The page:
Friday, July 18, 2014

Winfield Ford

In honor of the upcoming 234th anniversary of the Battle of Colson's, which took place on July 21, 1780, I wanted to post a link to this map that has not only bearings to my family tree, but also a significance to the Battle of Colson's.

Winfield Ford

I'd always thought that Winfield Ford had eventually turned into Davis Ford, as Peter Winfield's daughter, Sarah married Job Davis, for whom Davis Ford was named, and her father Peter, and brother Edward, both or either, being the source of the name of Winfield's Ford.

However, I have now discovered that they were two different fords, several miles from each other.

Davis Ford was located more in what is the sole of the "boot" of the Rocky River. Notice Old Winfield Road toward the bottom of the photo. The original Winfield Ford, I recently discovered, was north of where it says "Woodall Rd", due north of the intersection of Kendall Road and Woodall Road.

The North Carolina Highway Marker commemorating this battle, or skirmish, as some would call it, is located at the Hwy 52 crossing of the Rocky River between Anson and Stanly Counties. Sources state that the actual battle, and the more accurate location of Colson's mill, was at the fork of the Rocky and Yadkin/PeeDee River, which is now private property and no public roads lead down to it. In the times of the American Revolution, the juncture of these two rivers was an important spot for the two counties and also nearby Montgomery County, and businesses located there were an Ordinary, the Mill, a ferry, and a stagecoach relay, in addition to several homes and at least one, possibly two churches.

The following are excerpts from the site Carolana: Carolana: Colson's Mill

In his 1836 pension application affadavit, Henry Stewart (S31982) asserts:
"In the year 1780 I think it was but I am not so sure of the correctness of this date as the other, I again volunteered under Captain McCurdy for a term of three months and continued under him for about two or three weeks, and was then transferred with a number of our company to the command of Captain Thomas Ray – and continued under his command until he with a detachment of his company were defeated by the Tories near Rocky River – which defeat being attributed to the bad conduct of Captain Ray – he resigned – and Matthew Stewart my father was made Captain in his stead, and under whom I completed the term of three months – this was also volunteer service as before stated.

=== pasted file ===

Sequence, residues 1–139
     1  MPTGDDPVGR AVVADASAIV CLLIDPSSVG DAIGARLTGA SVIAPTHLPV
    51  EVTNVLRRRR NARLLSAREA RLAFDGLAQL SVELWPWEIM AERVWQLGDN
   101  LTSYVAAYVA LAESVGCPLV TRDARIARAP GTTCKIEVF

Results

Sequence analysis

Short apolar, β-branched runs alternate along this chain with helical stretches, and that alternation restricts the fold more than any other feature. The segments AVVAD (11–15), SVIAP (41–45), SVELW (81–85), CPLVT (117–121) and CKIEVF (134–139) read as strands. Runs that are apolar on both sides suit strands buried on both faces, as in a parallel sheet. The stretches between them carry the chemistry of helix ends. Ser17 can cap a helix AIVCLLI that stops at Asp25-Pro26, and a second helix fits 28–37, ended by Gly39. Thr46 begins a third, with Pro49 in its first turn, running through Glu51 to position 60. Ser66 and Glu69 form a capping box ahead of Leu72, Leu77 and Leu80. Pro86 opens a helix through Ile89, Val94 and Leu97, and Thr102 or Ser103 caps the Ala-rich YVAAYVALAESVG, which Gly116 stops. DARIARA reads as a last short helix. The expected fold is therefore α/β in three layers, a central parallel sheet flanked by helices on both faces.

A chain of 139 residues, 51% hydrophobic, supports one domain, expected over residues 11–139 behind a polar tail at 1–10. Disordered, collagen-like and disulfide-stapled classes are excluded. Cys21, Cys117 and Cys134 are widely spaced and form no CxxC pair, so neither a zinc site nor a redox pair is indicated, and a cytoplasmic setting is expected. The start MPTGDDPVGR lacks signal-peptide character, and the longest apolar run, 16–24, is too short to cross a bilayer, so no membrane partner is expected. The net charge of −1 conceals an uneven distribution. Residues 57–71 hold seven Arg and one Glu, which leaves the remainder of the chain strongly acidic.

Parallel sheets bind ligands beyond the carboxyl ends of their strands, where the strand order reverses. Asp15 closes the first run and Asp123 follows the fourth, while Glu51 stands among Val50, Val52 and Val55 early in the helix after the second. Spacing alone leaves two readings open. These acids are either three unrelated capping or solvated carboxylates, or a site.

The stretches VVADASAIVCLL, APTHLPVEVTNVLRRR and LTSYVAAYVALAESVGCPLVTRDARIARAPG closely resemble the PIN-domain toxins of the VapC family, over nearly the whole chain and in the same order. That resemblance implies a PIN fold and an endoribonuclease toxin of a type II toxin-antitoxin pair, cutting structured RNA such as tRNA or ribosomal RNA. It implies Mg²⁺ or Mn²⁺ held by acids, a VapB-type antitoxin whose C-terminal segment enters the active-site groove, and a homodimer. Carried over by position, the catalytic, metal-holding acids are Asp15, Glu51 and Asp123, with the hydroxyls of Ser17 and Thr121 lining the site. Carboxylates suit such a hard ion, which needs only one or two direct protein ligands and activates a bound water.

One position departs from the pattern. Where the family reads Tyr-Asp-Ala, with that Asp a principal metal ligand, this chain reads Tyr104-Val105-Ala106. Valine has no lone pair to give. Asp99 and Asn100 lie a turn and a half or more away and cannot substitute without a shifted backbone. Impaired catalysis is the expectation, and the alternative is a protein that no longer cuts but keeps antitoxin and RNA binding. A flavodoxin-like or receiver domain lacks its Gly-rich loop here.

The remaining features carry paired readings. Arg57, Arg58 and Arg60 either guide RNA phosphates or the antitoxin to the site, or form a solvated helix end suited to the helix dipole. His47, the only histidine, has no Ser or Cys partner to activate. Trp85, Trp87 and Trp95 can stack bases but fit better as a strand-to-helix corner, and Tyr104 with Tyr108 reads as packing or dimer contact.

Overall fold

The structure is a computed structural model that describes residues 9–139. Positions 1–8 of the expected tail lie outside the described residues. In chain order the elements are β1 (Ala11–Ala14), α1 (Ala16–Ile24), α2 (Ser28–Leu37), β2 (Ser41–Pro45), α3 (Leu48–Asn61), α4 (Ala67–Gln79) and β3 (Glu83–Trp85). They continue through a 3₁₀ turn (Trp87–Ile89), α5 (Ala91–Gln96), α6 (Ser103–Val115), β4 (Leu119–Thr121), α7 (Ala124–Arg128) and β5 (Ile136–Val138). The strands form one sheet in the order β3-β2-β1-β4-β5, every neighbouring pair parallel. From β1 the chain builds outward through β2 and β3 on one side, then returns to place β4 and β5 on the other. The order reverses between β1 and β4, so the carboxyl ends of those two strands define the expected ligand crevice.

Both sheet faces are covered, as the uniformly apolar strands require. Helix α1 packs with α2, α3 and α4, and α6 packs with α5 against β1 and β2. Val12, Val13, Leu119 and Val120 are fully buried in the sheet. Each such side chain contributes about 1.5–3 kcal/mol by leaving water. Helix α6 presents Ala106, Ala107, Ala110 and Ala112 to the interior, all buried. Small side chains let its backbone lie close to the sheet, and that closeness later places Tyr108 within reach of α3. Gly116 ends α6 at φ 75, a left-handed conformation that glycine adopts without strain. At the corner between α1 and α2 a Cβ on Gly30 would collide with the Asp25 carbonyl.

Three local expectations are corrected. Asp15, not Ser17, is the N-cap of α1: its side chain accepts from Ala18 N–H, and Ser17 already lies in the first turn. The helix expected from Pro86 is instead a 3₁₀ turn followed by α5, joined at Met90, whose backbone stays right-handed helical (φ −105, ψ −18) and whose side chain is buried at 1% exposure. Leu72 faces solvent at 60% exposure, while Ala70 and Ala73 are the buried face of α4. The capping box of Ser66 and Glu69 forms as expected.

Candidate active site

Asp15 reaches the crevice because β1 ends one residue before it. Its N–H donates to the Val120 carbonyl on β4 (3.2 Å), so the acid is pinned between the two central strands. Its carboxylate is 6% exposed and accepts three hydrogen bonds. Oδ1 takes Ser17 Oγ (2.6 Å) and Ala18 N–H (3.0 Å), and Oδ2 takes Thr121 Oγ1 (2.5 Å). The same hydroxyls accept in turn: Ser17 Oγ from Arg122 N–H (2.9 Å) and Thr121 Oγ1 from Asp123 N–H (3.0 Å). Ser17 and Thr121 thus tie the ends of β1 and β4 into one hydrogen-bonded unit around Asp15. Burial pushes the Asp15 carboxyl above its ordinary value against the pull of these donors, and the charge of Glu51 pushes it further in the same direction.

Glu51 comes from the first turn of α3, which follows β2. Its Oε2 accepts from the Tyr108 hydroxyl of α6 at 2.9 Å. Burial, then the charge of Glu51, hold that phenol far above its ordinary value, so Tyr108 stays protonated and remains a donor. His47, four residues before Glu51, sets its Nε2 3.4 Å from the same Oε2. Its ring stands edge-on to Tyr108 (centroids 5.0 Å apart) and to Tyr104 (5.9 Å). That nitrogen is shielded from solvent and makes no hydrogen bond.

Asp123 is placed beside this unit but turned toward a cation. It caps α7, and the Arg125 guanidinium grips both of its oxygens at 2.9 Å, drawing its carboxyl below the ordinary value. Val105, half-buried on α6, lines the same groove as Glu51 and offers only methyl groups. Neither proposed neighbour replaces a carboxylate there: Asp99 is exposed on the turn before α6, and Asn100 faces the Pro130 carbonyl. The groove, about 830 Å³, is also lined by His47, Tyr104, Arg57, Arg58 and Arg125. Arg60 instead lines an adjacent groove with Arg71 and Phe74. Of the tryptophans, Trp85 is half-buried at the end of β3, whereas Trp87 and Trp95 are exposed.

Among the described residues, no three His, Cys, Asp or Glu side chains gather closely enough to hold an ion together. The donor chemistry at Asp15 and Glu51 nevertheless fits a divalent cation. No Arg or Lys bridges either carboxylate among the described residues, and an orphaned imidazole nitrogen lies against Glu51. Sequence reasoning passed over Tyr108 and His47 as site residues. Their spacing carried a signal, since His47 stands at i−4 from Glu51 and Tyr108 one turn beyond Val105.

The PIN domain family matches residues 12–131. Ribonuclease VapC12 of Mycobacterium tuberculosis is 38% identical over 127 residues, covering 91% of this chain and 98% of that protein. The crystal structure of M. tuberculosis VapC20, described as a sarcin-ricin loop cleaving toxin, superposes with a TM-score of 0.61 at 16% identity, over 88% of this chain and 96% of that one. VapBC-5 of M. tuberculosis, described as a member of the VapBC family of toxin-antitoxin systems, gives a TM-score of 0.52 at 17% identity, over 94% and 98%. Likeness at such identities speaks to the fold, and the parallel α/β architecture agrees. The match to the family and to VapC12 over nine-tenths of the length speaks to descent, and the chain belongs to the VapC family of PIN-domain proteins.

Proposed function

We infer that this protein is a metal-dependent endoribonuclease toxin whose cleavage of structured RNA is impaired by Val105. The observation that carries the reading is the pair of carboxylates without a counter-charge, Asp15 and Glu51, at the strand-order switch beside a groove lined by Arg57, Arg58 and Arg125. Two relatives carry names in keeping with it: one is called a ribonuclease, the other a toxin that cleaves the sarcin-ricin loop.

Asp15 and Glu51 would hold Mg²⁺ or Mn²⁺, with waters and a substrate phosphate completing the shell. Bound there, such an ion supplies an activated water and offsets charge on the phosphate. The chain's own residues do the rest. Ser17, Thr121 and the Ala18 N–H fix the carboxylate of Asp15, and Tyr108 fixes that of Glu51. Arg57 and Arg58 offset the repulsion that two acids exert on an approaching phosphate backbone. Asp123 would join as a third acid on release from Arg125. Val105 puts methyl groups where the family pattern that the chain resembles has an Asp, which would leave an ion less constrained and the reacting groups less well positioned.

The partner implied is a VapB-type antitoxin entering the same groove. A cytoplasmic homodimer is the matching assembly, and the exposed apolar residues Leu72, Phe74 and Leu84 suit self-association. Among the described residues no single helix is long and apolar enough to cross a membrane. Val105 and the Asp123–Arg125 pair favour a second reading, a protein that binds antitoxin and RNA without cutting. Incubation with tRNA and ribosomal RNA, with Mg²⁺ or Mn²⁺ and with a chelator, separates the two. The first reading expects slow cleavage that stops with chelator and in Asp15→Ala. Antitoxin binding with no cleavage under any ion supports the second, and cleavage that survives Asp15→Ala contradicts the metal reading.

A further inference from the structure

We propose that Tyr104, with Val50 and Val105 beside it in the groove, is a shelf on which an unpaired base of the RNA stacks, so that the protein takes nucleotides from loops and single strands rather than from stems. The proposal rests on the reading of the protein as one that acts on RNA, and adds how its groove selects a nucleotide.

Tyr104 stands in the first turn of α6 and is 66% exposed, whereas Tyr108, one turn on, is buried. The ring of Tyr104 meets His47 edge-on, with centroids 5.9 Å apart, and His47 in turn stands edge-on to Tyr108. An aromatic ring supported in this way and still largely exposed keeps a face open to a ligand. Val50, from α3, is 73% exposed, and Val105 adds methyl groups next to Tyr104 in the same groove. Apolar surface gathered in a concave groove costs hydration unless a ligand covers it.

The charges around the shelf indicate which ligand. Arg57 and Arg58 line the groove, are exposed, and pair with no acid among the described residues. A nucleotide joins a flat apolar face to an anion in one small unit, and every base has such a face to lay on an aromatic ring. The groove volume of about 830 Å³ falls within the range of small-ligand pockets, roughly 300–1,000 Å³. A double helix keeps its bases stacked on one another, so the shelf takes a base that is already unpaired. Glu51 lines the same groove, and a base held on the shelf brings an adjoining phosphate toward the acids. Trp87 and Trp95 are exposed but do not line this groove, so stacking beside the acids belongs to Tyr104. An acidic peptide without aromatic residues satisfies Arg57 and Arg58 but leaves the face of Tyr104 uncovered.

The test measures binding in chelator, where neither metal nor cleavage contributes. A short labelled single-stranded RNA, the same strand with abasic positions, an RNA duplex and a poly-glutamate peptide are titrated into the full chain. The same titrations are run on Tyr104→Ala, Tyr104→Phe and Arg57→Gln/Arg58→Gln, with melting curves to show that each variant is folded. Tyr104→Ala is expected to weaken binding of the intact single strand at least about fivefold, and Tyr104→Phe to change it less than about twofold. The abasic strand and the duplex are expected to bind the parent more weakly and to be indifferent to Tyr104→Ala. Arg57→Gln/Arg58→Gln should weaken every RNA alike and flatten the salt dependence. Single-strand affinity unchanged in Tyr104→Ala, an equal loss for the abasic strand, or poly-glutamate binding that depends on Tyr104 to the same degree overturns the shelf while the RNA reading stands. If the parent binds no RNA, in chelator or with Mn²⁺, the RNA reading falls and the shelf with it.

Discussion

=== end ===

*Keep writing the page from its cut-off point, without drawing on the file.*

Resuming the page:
Later, he repeats this story:
"I think this was in the summer of 1780 – Again I volunteered under Captain McCurdy for three months served part of the time under him – when Captain Ray was chosen to our command who after his defeat at or near Collson's Mills [sic, Colson's Mill] on account of dissatisfaction, resigned and my father Matthew Stewart took command in Ray's place – under whom I completed the full term of three months for which I volunteered under McCurdy."

In his 1832 pension application affadavit, William Boyd (R1094) asserts:
"I served 3 years & 9 months as Lieutenant in a company commanded by Captain Buckner Campbell [Kimbrell], I was in one considerable engagement with the Tories, at the Junction of Rocky & Pedee rivers; the Tories were commanded by Captains Fannon [sic, Colonel David Fanning], McGirt & Boston Satts. The result of the fight was 73 of the Tories were killed, (amongst those were the said Captain Boston Satts, on the part of the